In the Republican response to President Joe Biden’s joint address to Congress, Sen. Tim Scott of South Carolina said Biden and Democrats were “pulling” the US apart and took time to praise former President Donald Trump.
Scott’s nearly 15-minute rebuttal to Biden’s hour-long speech was largely accurate, but some of his claims could have benefited from additional context.
Republicans and voting
Scott claimed, “Republicans support making it easier to vote and harder to cheat.”
Facts First: This needs context. We won’t weigh in on what Republicans around the country believe in their hearts, but it’s worth noting that Republican state legislators in numerous states are trying to pass measures that would reduce voter access in various ways.
Republican legislators in Texas, for example, have proposed this spring to prohibit 24-hour early voting sites and drive-through voting sites like those used in urban Harris County in 2020 and to forbid local officials from sending out absentee ballot applications to every registered voter, among other measures.
Florida Republicans have proposed adding restrictions on the use of drop boxes, among other changes you can read about here.
Republicans in various other states, including key swing states in presidential elections, have proposed multiple other measures that would reduce voter access. Some Republicans have also proposed expansions to early voting hours and other provisions to boost access, but the overall picture is certainly not even close to as solidly pro-access as Scott suggested.
Scott claimed Biden’s infrastructure plan is a “partisan wish list” with “less than 6%” going to roads and bridges.
Facts First: While around 6% of the roughly $2 trillion bill is dedicated to roads and bridges specifically, when accounting for other aspects of infrastructure as defined by Scott, the total percentage is more than double that.
The plan allocates $115 billion for modernizing highways, roads and main streets and $20 billion to improve road safety.
Biden’s plan also calls for $100 billion to build high-speed broadband infrastructure, $25 billion to airports and $17 billion for inland waterways, ports and ferries, the kinds of things Scott acknowledged should also be considered infrastructure.
Overall, Biden’s plan includes $621 billion for transportation, $400 billion for homecare service, $300 billion for manufacturing, $213 billion for housing, $180 billion for research and development, and $111 billion for water infrastructure.
During his rebuttal speech, Scott suggested that too many vulnerable kids’ schools were closed to in-person learning during the pandemic and that they should have reopened sooner.
“Locking vulnerable kids out of the classroom is locking adults out of their future. Our public schools should have reopened months ago,” he said.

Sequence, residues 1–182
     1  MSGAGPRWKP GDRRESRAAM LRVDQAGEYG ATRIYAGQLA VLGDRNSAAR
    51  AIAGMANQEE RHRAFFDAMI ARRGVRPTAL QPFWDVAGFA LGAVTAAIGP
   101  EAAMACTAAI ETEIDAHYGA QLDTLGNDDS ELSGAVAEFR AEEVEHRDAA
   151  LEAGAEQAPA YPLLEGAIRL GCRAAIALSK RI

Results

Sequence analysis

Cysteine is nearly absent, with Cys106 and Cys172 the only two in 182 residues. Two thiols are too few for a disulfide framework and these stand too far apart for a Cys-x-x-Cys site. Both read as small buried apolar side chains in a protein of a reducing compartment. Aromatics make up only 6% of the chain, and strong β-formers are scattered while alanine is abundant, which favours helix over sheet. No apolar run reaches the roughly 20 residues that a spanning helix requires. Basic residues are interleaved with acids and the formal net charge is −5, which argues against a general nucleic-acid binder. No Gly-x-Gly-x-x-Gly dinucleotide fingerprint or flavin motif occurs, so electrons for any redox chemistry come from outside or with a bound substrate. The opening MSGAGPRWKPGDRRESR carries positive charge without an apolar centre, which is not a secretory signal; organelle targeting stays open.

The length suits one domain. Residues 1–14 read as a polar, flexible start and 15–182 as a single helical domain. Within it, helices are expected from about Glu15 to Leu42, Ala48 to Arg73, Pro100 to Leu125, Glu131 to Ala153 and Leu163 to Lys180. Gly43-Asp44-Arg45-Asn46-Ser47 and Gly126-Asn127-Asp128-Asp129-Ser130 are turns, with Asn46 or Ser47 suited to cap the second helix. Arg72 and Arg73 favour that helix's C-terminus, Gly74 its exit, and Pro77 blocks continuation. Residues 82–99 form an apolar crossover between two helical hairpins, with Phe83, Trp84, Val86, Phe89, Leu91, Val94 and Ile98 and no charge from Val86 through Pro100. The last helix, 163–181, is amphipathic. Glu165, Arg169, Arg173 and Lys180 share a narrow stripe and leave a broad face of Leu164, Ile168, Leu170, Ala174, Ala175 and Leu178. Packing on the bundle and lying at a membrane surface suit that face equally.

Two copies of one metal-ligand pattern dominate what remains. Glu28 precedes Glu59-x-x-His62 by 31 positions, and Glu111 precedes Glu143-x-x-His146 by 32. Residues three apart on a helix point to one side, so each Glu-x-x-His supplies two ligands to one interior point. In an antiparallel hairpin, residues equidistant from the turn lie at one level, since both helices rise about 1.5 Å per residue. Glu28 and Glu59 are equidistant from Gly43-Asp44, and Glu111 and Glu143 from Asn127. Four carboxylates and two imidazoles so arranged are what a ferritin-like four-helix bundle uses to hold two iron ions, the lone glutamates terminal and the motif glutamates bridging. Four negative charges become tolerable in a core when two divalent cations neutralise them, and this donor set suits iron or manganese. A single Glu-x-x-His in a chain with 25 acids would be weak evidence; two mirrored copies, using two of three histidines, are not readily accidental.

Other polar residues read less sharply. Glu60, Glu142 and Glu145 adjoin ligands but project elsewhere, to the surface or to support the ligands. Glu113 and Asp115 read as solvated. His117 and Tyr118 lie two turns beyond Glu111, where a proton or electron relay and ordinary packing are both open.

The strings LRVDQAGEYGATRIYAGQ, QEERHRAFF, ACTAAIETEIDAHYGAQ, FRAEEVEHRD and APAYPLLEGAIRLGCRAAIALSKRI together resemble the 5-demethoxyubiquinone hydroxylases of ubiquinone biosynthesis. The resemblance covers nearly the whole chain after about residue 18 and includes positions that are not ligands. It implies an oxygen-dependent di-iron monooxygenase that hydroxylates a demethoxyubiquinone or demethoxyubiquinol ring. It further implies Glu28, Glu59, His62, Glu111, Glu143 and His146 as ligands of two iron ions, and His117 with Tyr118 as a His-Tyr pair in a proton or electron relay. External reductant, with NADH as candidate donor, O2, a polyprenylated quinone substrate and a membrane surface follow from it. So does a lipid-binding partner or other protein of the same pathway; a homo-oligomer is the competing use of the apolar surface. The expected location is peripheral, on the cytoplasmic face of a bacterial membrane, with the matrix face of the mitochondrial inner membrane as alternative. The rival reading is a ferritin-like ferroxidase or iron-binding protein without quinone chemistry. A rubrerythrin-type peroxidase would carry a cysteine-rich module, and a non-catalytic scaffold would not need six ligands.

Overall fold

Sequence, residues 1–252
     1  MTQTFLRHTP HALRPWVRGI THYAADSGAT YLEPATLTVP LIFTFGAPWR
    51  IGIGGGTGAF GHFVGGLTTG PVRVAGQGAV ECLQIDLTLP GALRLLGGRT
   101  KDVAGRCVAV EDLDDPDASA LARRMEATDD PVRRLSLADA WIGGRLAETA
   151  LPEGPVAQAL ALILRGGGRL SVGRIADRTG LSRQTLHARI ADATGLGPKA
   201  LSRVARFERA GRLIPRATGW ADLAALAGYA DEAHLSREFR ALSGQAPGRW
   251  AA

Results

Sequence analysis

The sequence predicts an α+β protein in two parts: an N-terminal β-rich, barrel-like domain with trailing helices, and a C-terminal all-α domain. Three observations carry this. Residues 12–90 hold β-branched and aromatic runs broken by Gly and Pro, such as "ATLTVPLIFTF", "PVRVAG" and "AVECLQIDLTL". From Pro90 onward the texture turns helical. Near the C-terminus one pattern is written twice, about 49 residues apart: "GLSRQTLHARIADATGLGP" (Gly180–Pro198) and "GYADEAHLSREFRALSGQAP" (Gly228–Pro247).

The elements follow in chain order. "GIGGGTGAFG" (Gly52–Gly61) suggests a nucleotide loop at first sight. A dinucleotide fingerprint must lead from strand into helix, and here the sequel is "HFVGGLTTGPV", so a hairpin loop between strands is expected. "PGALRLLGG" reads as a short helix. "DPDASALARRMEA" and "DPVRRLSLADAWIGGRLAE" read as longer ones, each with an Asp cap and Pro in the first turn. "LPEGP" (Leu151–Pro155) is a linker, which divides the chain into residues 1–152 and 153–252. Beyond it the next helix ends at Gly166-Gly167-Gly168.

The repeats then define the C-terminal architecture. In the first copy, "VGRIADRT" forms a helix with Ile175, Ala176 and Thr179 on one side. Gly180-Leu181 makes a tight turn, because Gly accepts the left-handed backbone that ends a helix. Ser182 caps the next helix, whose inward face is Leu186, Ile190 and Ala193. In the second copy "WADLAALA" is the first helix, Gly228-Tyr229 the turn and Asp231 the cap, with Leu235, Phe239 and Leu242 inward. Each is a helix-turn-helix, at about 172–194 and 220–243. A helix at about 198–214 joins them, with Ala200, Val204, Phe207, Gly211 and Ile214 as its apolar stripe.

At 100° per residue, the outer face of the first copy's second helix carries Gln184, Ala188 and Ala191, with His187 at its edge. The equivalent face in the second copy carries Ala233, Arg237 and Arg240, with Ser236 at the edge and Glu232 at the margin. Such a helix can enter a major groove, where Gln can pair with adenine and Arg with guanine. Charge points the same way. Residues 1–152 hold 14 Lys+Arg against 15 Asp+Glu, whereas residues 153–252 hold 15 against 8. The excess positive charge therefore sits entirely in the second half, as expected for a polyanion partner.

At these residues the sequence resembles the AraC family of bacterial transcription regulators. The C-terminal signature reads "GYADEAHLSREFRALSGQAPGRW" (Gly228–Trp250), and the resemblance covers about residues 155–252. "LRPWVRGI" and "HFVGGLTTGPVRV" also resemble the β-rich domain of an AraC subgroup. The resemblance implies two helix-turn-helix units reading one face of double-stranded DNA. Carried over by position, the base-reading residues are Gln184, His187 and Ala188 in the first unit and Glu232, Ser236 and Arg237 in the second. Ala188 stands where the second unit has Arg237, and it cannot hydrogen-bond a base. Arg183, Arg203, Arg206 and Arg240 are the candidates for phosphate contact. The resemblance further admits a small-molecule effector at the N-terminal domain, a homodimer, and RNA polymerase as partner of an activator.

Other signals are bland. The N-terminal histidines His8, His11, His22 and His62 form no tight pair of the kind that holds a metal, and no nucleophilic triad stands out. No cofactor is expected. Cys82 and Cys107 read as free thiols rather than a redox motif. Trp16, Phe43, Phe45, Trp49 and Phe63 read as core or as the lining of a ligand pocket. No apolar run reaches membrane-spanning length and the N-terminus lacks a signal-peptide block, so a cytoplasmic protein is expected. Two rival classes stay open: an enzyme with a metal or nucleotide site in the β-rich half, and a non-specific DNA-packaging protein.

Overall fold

Facts First: While it’s true that some public schools have yet to reopen for in-person learning, that number has fallen drastically since Biden took office. Yet critics maintain more could have been done to speed reopenings, and some point to Centers for Disease Control and Prevention guidance from February that slowed schools’ ability to reopen quicker.
As of April 20, K-12 schools in a little more than half of the 101 largest school districts in the country are offering full five-day-a-week in-person instruction for families that choose it, according to CNN’s tracking.
About 65% of public K-12 students in districts of various sizes are attending schools that offer in-person instruction each day, according to an estimate from the private data-tracking company called Burbio. That’s up from 33% the week Biden was inaugurated.
About 29% of K-12 students currently attend schools offering hybrid models that include both in-person and virtual instruction, and less than 6% have only virtual options, according to Burbio, which collects data from school calendars of thousands of schools across the country.
Some experts say the transition to in-person learning could have come more quickly, arguing that guidelines released by the CDC in February made it harder for schools to reopen. They suggested students should keep 6-feet apart, which makes it hard for schools that don’t have enough space.
The CDC later relaxed its physical distancing guidelines in March, recommending that most students maintain at least 3 feet of distance, accelerating the return to school for some.
The economy under Trump
Scott said: “Just before COVID we had the most inclusive economy in my lifetime, the lowest unemployment rate ever recorded, African Americans, Hispanics and Asians, and a 70 year low nearly for women.
The unemployment rate for African Americans hit a new low, 5.2%, in August 2019. While the rate increased in the following months, its 6.0% level in February 2020 — before the Covid-related spike of March and April — was still lower than any recorded rate for African Americans prior to the Trump presidency, at least since the government began using its current methodology in the early 1970s.
It’s a similar story for Hispanics. Their unemployment rate hit a new low, 4.0%, in September 2019. It rose to 4.4% in February 2020, but that was still lower than any pre-Trump rate since the early 1970s.
The unemployment rate for women was 3.4% in February 2020. Aside from the 3.3% rate of September 2019, that was the lowest since 1953 — more than 66 years prior, close enough to justify Scott’s “nearly 70 years” claim.
For Asian Americans, the unemployment rate in two months in late 2019 was 2.4%, tied with the lowest pre-Trump rate on record, so there is a solid basis for Scott’s claim. However, the rates in other months during the late 2019-early 2020 period were slightly higher than that record; the January 2020 rate was 3.2% and the February 2020 rate was 2.5%. (Unlike the other data in this fact check, the data for Asian Americans is not seasonally adjusted, and it dates back only to 2000.)